WEBSITE SECURITY MYTHS

WEBSITE SECURITY MYTHS

Some conversations are easy… some are difficult. Some are harmonious and some are laborious. But when it comes to website security, the conversation is confusing.

Every organisation agrees, in theory, that their websites need to be secure. But in practice, there is resistance to investing enough time and budget. Reasons for neglecting security include misconceptions surrounding Web Application security.

Below I’ve outlined some of the most common myths and misconceptions that can often put your website at serious security risks.

My website is not the target of an attack because it is small and I run a small business.

An average small business website is attacked 44 times per day. In addition, a low profile website is a nice playground for hackers to try out new tools and techniques. Hackers often use automated tools to find various vulnerable websites and don’t discriminate when it comes to the size of the target. Any web application, even if it is not itself a target, may be of interest to attackers. Web applications with lax security are easy pickings for hackers and can be subject to a mass or targeted cyber attack.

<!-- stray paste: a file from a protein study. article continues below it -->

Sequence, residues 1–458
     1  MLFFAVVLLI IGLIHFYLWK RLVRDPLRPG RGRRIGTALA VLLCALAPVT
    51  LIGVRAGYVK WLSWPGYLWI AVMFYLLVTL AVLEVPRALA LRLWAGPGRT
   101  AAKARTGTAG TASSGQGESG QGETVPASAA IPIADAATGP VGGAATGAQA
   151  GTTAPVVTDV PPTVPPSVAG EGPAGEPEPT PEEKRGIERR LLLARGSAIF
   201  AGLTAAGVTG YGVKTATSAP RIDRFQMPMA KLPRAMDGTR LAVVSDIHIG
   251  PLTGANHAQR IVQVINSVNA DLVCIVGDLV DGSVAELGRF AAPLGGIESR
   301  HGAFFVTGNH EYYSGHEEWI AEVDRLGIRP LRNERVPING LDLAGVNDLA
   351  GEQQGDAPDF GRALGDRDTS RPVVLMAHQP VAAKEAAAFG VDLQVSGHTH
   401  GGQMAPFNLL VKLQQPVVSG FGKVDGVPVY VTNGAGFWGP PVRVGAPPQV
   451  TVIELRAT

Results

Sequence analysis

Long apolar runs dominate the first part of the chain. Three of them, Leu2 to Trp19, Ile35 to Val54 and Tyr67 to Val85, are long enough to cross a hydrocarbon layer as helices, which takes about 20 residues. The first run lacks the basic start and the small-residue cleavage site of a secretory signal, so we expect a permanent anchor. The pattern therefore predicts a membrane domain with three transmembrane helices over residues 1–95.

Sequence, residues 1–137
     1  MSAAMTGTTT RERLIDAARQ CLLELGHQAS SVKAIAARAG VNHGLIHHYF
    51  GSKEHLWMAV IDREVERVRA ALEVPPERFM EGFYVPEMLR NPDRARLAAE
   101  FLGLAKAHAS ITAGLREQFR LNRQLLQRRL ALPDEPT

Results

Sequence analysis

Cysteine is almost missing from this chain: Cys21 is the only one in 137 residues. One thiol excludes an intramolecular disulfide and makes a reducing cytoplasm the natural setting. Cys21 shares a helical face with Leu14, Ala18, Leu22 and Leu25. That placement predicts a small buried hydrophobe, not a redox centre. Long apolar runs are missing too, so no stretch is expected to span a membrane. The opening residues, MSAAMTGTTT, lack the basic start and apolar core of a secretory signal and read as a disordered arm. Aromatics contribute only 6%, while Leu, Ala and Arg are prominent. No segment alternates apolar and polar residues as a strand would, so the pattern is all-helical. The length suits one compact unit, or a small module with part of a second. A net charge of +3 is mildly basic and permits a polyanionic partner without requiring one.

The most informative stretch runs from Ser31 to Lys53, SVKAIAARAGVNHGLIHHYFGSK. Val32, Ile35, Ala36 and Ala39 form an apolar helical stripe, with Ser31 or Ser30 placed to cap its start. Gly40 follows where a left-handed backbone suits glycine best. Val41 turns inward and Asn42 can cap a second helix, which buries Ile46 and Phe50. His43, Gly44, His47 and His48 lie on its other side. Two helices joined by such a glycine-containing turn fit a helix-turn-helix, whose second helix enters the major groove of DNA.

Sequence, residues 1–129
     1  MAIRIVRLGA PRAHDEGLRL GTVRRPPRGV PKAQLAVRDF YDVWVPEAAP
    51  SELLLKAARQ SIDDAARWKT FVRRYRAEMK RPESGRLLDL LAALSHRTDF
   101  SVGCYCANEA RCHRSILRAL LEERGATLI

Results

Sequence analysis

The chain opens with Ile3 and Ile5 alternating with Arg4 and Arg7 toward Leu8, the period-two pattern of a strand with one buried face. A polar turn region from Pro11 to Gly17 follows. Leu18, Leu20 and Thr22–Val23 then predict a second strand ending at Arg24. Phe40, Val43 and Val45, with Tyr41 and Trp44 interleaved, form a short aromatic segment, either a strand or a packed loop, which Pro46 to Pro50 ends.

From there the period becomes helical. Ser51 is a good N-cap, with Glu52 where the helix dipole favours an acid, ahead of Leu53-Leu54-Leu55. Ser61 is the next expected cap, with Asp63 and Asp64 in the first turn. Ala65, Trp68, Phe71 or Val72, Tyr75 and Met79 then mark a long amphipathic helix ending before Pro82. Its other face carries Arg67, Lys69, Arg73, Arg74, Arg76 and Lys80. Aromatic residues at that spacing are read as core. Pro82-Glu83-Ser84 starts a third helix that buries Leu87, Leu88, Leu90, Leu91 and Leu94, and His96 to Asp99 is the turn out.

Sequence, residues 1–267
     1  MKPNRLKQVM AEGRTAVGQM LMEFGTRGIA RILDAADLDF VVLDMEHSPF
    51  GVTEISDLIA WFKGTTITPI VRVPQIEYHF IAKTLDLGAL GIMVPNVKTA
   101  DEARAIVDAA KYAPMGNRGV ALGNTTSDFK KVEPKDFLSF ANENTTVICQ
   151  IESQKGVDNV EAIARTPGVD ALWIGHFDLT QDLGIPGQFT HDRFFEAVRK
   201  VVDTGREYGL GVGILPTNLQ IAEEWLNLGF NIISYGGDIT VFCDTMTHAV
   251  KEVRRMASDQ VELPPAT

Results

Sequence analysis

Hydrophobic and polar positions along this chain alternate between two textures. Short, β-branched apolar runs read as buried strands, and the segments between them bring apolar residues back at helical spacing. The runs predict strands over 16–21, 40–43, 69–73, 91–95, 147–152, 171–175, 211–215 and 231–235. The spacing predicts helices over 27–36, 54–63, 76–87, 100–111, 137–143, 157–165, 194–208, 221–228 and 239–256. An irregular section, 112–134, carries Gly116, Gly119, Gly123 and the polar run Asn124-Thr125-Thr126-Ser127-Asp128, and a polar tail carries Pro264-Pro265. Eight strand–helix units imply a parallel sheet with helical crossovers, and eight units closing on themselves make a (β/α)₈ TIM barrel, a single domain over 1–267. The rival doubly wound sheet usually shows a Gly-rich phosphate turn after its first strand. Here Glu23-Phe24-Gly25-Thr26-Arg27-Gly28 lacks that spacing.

We have not been attacked in years so, there’s nothing to worry about

Just because you can’t see an attack, it doesn’t mean it isn’t happening.

According to one of the studies, at any given moment, 18.7 million sites around the world are infected by some form of malware. Automated web attacks that fly under the radar are damaging businesses at a large scale. Some bots are dangerously adept at operating under the guise of a legitimate user.

I have thoroughly tested my website and have fixed most of the known bugs. My site is completely secured now

Security is also about constant monitoring and testing the complete stack of your application.

In the latest White Hat study, the organisations that conducted security testing had, on average, as many as 10 vulnerabilities and only 50% of them got fixed. Modern websites are constantly changing. Every new line of code has the potential to introduce a new security issue.

Good security practices include having ‘visibility’ and necessary ‘verifications’ of the traffic patterns and the security posture of your website. Many modern Web monitoring tools, like Google Alerts, provide affordable, easy to use visibility and verification strategies.

The ability to measure web application security is critical for any business having a web facing asset. Attack metrics like ill-reputed data (IP, tracking IDs), attacks by countries and IPs, most attacked URLs, etc. need to be measured. Such data provide context, awareness and actionable response about current and emerging threats.